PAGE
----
In order to avoid musketfire, they forced themselves into the opening between the Right Wing and the Grand Army of the Crusader Army. In order to avoid shooting their compatriots, the musketeers were unable to direct their fire at the combined army. Left with no choice, the Hundred Paladins rode to intercept the enemy.
By employing even this limited level of disorder among the Demon Army, the Demon King was able to regroup the shattered Demon Army and retreat towards the City of the Gate. However, losses were great, and the Khan of Beasts, the Silver Tiger Lord, was sacrificed in this battle.
From a fragment of historical records in a forgotten library
———– The New Star Fortifications
With the appearance of muskets and cannons on the battlefield, fortification construction theory experienced a radical change. The specific introduction of cannons able to deliver great volumes of high-impact artillery fire necessitated a fundamental shift in the concept of fortified defence.
In response to this new weapon, a new fortification in the form of the Star Fort was developed. The Goryōkaku in Hakodate on the island of Hokkaido to the north of Japan is great example of such fortifications. (Scribe annotations: Hakodate, Hokkaido and Japan are not places which exist in the entire Continent. Goryokaku is also no fortification known to anybody in either the Demon or Human World. Since this was all written by the Crimson Scholar, perhaps she mixed up the names with some other place.)
Of course, even before this, similar weapons have continued to exist. The musket had its counterpart in the bow and crossbow, while the cannon had its counterpart in the catapult.
However, the catapult was substantially larger and less mobile. Moreover, compared to explosively discharging metal blocks at high velocities, catapults were substantially slower and hence had less destructive power. In this manner, the erection of walls served a distinct purpose.
However, with the introduction of cannons, the old curtain wall, a straight vertical wall, was simply unable to withstand any sort of protracted bombardment. This was proven true in many engagements.
As such, walls were built to withstand cannonfire without crumbling, by making them lower and thicker. At this point, rather than walls, the fortifications were designed primarily to absorb and deflect the impact of the cannons.
Such low-height walls were also useful against musket fire.
While bows were capable of direct fire (firing in a straight line towards the enemy), they were primarily designed for indirect fire (firing in an arc towards the enemy).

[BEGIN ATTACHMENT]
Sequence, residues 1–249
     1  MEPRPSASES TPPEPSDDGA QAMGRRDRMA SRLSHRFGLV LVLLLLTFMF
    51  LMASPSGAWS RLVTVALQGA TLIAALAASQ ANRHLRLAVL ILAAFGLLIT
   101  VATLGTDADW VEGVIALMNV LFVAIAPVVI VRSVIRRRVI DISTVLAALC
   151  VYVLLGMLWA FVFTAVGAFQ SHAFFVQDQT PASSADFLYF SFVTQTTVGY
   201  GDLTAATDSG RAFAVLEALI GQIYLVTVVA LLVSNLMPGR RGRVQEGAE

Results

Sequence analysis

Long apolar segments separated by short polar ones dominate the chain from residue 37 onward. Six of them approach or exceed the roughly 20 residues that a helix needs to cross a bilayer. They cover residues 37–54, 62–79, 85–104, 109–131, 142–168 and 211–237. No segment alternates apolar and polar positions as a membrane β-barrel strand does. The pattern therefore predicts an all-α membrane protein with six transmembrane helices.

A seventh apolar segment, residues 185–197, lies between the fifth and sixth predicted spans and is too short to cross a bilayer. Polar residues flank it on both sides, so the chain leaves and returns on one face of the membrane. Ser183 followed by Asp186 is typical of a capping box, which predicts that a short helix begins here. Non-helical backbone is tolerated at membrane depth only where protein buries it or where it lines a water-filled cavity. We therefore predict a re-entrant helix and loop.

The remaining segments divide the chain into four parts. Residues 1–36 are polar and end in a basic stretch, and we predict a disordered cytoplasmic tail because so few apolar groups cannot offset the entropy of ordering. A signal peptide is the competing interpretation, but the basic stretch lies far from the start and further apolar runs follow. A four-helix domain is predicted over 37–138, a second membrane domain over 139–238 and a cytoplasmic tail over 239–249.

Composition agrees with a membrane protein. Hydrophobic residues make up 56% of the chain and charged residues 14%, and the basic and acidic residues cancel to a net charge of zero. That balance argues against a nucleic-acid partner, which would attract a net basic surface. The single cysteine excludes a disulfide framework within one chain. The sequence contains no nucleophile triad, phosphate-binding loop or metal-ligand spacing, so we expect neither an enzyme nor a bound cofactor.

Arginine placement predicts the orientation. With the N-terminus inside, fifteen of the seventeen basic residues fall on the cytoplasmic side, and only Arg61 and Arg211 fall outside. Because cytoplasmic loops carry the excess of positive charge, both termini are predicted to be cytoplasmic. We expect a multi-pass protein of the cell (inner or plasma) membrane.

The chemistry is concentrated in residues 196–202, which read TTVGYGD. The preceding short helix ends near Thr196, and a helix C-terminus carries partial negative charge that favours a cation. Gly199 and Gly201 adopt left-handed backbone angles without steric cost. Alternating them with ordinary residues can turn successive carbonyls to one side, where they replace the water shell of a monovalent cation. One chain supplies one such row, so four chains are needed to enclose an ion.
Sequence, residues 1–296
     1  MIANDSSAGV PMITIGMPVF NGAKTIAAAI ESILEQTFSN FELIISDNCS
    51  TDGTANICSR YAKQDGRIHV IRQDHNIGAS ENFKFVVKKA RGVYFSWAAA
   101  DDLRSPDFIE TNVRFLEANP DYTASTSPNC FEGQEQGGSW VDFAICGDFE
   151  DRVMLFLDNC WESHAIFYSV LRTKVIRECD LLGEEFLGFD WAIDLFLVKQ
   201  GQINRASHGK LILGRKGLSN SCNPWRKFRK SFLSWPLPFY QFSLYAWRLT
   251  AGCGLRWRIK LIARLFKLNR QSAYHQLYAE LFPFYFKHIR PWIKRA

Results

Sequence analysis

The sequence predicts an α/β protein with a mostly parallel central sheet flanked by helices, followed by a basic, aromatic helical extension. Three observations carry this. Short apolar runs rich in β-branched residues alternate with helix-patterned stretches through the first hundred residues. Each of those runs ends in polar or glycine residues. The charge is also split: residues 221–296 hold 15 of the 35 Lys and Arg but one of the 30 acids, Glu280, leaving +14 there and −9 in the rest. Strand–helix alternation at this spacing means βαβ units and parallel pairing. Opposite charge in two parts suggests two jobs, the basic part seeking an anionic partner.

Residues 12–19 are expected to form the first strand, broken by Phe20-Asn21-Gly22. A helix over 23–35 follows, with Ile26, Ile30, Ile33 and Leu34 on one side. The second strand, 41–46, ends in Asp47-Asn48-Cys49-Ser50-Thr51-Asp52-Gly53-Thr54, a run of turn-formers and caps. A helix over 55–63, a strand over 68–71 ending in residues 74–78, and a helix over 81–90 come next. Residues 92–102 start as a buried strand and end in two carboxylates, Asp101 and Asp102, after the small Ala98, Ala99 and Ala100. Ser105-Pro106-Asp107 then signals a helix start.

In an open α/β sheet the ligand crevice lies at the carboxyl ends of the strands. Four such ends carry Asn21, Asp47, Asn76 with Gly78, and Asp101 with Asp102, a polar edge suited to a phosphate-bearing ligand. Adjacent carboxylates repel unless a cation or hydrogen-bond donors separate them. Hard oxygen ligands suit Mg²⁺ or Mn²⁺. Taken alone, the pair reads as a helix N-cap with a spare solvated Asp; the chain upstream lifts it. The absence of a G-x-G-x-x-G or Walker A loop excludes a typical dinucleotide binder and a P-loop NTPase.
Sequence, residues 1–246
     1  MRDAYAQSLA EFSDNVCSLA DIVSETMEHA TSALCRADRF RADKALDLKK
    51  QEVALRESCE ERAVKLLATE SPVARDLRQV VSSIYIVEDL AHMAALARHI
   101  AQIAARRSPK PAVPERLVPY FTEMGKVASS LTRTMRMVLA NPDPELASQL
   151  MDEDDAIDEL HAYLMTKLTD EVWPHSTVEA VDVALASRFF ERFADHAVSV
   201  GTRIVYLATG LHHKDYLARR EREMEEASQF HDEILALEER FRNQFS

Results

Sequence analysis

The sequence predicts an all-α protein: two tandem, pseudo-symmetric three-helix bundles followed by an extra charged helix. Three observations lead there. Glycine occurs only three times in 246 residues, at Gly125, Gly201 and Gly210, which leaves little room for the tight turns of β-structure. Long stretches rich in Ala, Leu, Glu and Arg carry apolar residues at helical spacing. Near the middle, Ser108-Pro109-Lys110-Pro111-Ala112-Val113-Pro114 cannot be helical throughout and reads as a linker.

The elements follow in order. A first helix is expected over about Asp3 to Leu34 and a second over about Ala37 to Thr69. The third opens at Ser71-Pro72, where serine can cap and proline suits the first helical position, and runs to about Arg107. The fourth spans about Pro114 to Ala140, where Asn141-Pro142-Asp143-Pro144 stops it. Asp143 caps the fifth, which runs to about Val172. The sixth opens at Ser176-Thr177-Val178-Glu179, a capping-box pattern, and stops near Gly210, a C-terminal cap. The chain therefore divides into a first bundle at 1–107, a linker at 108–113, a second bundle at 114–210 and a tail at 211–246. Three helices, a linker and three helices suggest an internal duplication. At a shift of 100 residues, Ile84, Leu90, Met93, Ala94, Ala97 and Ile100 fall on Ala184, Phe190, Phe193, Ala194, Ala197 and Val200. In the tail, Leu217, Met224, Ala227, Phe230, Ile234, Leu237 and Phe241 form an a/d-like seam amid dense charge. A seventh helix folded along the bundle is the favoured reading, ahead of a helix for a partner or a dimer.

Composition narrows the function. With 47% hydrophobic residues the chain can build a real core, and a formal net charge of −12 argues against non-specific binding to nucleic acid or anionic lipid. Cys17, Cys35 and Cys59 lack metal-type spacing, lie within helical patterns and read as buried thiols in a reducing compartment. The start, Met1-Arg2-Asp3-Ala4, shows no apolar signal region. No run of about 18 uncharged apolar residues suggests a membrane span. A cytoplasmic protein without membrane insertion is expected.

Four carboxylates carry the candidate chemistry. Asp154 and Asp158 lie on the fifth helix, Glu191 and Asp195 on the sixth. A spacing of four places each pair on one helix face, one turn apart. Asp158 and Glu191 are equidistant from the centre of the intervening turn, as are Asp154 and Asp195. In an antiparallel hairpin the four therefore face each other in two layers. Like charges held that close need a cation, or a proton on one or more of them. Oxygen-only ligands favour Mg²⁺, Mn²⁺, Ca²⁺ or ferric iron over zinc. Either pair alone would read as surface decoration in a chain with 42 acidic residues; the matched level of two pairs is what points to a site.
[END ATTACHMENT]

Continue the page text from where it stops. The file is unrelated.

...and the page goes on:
As a result, using indirect fire, archers were able to pick off enemies hiding within fortifications. Of course, in response to that, soldiers learnt to put shields above their heads to block arrows.
In contrast, muskets fired exclusively straight.
Older fortifications relied on pushing down siege ladders erected on walls to prevent enemy soldiers from climbing in, on dropping rubble and large stones and on pouring scalding water on enemies below.
However, the newer fortifications relied on standing on thin boards (which resulted in them being unable to move freely) and firing with muskets on enemies in safety while enemies were unable to fire back.
Constructing this sort of fortification required a higher level of engineering and architectural skill. The square forts which had been constructed up to now were gradually replaced by star forts. Compared to square forts, longer lines of walls needed to be constructed, which represented increased costs and time required. However, despite the cost, star forts offered many advantages.
The old style forts used to shortest distance of walls to cover the area, and if necessary, could be constructed to have several corners to increase the length. However, the walls were overwhelmingly straight, and would absorb the brunt of cannon fire, leading to them absorbing great damage with each shot.
The new fortifications were constructed with sloping walls, such that even while surrounded by cannon emplacements, they would suffer significantly less damage. In addition, as the different walls of the star fort faced each other, defensive fire from the defenders would form overlapping fields and hence result in the greatest damage on attackers attempting to siege the walls from the front.